Sainte-Marie among the Hurons Blacksmith

Sainte-Marie among the Hurons Blacksmith forge was built 1642, as one of the keys to creating a self-sustaining community in Huronia.  With the forge up and running, the people living at Sainte-Marie could custom build the items that they needed.  The only other option was waiting for supplies to arrive from Quebec. The trip from Quebec to Sainte-Marie among the Hurons took thirty days one way, by canoe, which made custom manufacturing iron goods that much more important. Sainte-Marie Among the Hurons BlacksmithThe primary Blacksmith at Sainte-Marie was a Jesuit lay brother by the name of Louis Gauber. He was charged with the task of making iron tools, hinges, spikes, nails, and other structural items used to assist in the construction of not only Sainte-Marie among the Hurons, but other structures throughout Huronia that the Jesuits were involved with. Gauber would have also created items that were used for trade such as awls and fishhooks. Gauber worked the forge at Sainte-Marie from 1642 until the settlement was ultimately abandoned in 1650.

Mining operations had not begun in New France in the 1640's therefore iron was brought to the New World from established mines in France. Iron would have been transported in various forms, from large bars known as ingots, to flat, round, or square rods, in various weights and dimensions. The ingots would have been used to create larger items such as tools. The rods would have been used for smaller items like nails, or hinges. During times when iron was scarce, items around Sainte-Marie that were deemed nonessential could have been repurposed and turned into need supplies like nails.

Most people are familiar with a typical one hearth forge in which a blacksmith uses coal to heat the metal they are going to work with. Sainte-Marie among the Hurons forge is not unique but is a less common type of forge that uses two hearths. The black smith uses the first hearth to burn hardwood and produce hot wood coals. Once enough wood coal is available the Blacksmith scoops the hot wood coal out of the first hearth and places them in the second hearth. The second hearth would have a set of bellows attached, that allow the blacksmith to pump a large amount of oxygen in to the bottom of the coals, providing a perfect place to heat metal to a temperature at which it can be worked.

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Many special events take place at Sainte-Marie among the Hurons throughout the year, so be sure to check out their special events calendar.

Additional Resources

saintemarieamongthehurons.on.ca ontariotravel.net southerngeorgianbay.on.ca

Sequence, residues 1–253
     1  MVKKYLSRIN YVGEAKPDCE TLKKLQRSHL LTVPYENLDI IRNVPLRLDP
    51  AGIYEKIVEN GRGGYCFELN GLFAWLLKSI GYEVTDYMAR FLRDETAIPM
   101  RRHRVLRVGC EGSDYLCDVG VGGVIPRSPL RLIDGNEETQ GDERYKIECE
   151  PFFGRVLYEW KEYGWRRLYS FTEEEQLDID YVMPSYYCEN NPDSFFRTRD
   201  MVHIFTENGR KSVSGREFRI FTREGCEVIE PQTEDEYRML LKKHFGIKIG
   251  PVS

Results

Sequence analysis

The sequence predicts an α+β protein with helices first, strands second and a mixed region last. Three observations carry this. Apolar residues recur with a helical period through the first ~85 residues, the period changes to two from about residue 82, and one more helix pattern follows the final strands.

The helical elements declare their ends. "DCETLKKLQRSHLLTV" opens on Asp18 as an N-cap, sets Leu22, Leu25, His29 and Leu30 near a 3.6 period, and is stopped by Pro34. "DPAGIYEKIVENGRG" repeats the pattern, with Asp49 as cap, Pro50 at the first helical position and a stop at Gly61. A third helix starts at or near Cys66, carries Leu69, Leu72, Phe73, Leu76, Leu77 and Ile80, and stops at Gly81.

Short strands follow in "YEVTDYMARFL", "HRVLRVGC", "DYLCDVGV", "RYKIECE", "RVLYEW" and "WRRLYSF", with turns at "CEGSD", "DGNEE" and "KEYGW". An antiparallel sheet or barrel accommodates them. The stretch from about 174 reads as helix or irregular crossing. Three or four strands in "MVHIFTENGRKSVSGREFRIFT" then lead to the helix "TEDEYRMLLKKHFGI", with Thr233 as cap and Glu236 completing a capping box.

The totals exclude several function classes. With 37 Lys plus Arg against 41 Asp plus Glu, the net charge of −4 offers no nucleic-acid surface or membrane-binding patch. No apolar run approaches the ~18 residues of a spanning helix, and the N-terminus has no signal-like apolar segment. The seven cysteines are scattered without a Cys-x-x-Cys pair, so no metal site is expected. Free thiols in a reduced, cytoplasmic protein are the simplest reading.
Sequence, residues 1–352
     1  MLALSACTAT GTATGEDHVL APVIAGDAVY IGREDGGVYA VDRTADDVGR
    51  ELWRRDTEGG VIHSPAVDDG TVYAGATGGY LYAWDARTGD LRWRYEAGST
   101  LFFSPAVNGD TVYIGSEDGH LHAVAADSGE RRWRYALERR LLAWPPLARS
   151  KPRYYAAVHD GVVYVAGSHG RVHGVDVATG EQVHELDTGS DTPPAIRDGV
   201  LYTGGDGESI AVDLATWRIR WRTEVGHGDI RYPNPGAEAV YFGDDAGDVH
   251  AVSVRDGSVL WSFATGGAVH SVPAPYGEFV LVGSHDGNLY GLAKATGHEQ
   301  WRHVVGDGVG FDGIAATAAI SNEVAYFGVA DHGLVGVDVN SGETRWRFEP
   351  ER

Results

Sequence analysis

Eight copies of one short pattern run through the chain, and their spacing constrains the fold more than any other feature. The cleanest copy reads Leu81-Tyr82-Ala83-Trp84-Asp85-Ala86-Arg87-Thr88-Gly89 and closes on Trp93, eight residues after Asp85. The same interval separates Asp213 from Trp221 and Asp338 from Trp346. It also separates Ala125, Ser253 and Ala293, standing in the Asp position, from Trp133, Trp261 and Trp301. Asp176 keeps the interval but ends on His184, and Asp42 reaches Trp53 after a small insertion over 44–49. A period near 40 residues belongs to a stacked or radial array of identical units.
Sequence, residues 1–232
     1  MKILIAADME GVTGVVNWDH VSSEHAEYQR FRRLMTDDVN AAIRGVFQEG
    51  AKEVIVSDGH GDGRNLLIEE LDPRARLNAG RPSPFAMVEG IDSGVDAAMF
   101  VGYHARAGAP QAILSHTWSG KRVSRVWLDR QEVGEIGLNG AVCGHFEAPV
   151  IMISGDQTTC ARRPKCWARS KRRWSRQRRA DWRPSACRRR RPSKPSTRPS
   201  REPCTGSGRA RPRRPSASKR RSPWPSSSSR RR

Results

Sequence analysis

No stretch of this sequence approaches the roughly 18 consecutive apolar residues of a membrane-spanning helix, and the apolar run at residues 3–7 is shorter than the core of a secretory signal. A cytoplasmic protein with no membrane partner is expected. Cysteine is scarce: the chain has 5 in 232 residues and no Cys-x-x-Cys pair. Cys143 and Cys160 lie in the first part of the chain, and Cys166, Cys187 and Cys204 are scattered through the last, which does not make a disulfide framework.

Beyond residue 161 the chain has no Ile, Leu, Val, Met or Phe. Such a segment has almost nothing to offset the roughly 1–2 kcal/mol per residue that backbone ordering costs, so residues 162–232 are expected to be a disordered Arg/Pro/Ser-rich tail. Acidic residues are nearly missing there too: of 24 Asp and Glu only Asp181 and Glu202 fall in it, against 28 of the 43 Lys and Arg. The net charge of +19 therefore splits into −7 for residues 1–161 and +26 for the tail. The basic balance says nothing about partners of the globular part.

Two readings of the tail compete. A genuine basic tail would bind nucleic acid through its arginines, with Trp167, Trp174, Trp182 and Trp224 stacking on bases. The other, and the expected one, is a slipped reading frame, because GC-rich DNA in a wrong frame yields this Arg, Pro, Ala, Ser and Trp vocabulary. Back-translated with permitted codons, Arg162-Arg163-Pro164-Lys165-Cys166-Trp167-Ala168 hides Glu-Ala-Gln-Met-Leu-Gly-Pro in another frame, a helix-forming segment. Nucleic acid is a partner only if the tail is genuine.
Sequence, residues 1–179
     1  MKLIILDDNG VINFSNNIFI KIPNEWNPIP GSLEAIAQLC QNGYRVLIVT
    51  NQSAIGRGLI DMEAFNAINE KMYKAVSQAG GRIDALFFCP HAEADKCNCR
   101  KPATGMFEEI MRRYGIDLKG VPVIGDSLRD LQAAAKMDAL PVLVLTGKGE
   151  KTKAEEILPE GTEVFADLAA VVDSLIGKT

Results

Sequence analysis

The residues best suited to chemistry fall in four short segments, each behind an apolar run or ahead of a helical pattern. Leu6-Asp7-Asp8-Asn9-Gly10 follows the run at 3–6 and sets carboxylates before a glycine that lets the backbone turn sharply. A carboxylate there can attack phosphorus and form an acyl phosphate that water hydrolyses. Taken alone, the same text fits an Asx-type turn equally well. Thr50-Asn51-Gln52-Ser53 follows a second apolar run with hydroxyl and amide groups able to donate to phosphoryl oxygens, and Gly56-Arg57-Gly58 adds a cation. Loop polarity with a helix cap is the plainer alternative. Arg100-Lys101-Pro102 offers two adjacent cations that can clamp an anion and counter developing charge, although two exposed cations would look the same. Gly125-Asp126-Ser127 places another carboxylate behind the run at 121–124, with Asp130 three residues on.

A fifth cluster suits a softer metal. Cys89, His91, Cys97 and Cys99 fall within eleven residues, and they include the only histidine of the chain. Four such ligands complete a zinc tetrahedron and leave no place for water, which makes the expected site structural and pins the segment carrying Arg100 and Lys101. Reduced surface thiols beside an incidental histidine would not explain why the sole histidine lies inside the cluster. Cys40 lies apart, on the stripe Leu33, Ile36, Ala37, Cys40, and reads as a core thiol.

Ontario Rodeo Association Finals 2011

Alliston played host to the Ontario Rodeo Association Finals 2011 from September 30th to October 2nd.  The rodeo was held inside the Alliston Memorial Arena, with capacity crowds each of the three days.

Ontario Rodeo Association Finals 2011 - Cowboy getting ready to ride

The top 7 contestants in each category from the previous 14 Ontario Rodeo Association events qualified to be a part of the finals.

Categories included...

  • Bareback Bronc Riders
  • Saddle Bronc Riders
  • Steer Wrestlers
  • Team Ropers
  • Breakaway Ropers
  • Tiedown Ropers
  • Barrel Racers
  • Junior Bull Riders
  • Junior Barrel Racers
  • Bull Riders

Stephen Leacock's Summer House

In 1928 a new house was built, on the shore lines of Old Brewery Bay and Barnfield Bay, both part of Lake Couchiching.  This new house was to become the summer home of Stephen Leacock and his family. Stephen Leacock House

Stephen Leacock is perhaps one of Canada's most celebrated writers of the 20th Century.  After Leacock's death in 1944, the  Stephen Leacock Memorial Committee was founded in 1946.  One of the committees highest priority's was to establish a medal in Leacock's honour for humorous writing.  The Stephen Leacock Memorial Medal was first awarded to Harry L. Symons for Ojibway Melody in 1947, and continues to be awarded to this day.

In 1957 the City of Orillia purchased the former Leacock property (approximately 9.5 acres) with the intent of turning it into a Museum, which it has been ever since.  The Main Floor of Leacock House features a portfolio of original signed portraits by the master photographer Yosuf Karsh, taken of Stephen Leacock at Old Brewery Bay in 1941, along with personal possessions, and books.  The secondy floor houses the the Art of Writing Galleries, which until 2001 had been guest rooms.

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In 1992 Leacocks summer home became a national historic site, two years later the plaque was unveiled.